Do you have spiritual beliefs and practices? If not, is this an area of possible exploration for you? Take the time to reflect on what is meaningful to you in your life. How are you in relation to the world? How do you choose to embrace the world?

Things to try:

  • Create a "spiritual" book. Find passages from sacred writings, novels, poems, essays that speak to you. Include some of your own original writings.
  • Write down what you believe or find meaningful in life. If you wish, share your unique statement of belief and meaning with a friend or family member.
  • Create some quiet time every day for reflection, prayer, or meditation. Sometimes when we are quiet and still, spiritual insights emerge, day-to-day or long-term priorities surface, or a sense of calmness or peacefulness rejuvenates our tired body and mind.
  • Write a letter to an imaginary future grandchild. Share your wisdom about what is important in life or what makes for a happy life.
  • Consider author Wayne Muller's question: "How shall I live, knowing I will die?" Write down your thoughts and feelings.

Other sources of inspiration and sustenance : Ideas and quotes gathered from contributors on and off campus

Be a lifelong learner

  • Learn about your roots (family, cultural history).
  • Stay close to your personal history.
  • Challenge yourself and accept challenges to do your very best.
  • Set goals and continue to move toward them.
  • Be a "beginner" at something. Learn a new craft, musical instrument. Explore a new field of study.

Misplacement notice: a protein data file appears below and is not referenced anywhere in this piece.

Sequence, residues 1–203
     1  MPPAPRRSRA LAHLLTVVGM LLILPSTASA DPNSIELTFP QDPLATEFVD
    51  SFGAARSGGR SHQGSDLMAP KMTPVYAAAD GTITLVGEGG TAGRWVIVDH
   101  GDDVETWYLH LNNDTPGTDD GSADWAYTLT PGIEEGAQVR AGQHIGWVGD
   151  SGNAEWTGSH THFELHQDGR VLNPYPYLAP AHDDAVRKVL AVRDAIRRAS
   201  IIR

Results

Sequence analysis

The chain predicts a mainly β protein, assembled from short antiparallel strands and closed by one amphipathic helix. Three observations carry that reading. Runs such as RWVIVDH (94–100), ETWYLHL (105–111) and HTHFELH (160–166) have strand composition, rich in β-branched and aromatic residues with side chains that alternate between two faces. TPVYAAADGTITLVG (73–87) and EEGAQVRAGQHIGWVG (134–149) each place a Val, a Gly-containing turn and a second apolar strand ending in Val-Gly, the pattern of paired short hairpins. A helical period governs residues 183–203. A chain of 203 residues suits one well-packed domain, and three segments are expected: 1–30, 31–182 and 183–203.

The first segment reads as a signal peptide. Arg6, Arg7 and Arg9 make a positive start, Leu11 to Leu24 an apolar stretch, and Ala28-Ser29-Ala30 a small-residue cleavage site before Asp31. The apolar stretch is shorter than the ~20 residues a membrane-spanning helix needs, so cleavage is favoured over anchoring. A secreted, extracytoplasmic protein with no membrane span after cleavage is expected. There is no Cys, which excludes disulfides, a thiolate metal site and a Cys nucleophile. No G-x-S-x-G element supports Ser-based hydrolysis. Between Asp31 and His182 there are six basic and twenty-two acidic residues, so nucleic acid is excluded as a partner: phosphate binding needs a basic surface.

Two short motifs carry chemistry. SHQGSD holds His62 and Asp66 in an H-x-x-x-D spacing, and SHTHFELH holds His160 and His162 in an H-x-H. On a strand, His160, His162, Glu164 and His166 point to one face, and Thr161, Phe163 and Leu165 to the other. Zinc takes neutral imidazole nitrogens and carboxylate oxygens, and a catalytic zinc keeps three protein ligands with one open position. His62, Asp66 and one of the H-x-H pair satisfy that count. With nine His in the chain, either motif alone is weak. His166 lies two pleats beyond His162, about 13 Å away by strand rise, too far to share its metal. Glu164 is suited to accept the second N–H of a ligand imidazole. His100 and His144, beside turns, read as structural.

Heroes/mentors/role models

  • Consider as mentors people who give the gift of time (e.g. Jimmy and Rosalyn Carter).
  • Read biographies of people who have been recognized by others for their wisdom.
  • Find heroes and mentors among the famous and not famous, living and dead.
  • Find a mentor. All the wisdom traditions (religions and schools of spiritual thought) include the idea that there's somebody wiser than you from whom you can learn.
  • "Seeing someone do something really generous and noticing that it didn't occur to them to do anything differently, makes me more inclined to do the same."
  • "I've been in and out of labs since age 3 and I've met lots of Nobel Prize winners (my dad included). They inspire me to achieve and make a difference in the world."
  • "My mom, my dad...are my role models."
  • "People and leaders who have put their lives on the line for me like Caesar Chavez and queer leaders."

An open heart

  • Hold on to the promise or possibility of love.
  • "The purpose of life is to love; the lifetime task is to learn what this means. Loving relationships sustain me."
  • "Continue to open ourselves outward to the parts of life we are often shielded from (the poor, the sad, the homeless, the oppressed."
  • "Remembering to be grateful for what I have, and knowing what I have is so much more than what most have."

Creativity and nature

  • Explore artistic and intellectual creativity. "I get energy by being creative, by seeing others' creative works, and by talking with friends and others about creative projects."
  • Realize and appreciate your connection with the earth, nature.
  • Appreciate music, flowers, art.
  • Enjoy being in nature; expand your global awareness.
  • "Consider trees--so big, strong: you look at them and feel weak. You have to do something big to overcome that feeling. We should all hug trees."

And finally…

  • "Consider our progress--we've come this far in the world."
  • "My faith: we're here for a reason. Knowing that keeps me going."


See also:
Leading a Healthful Lifestyle
How Will You Make Your Mark?
How Will You Take Care of Yourself Longterm?

Disclaimer: The information provided here is not intended to diagnose, treat or provide a second opinion on any health problem or disease. It is meant to support, not replace, the relationship that exists between an individual and his/her clinician.

Last reviewed: September, 2004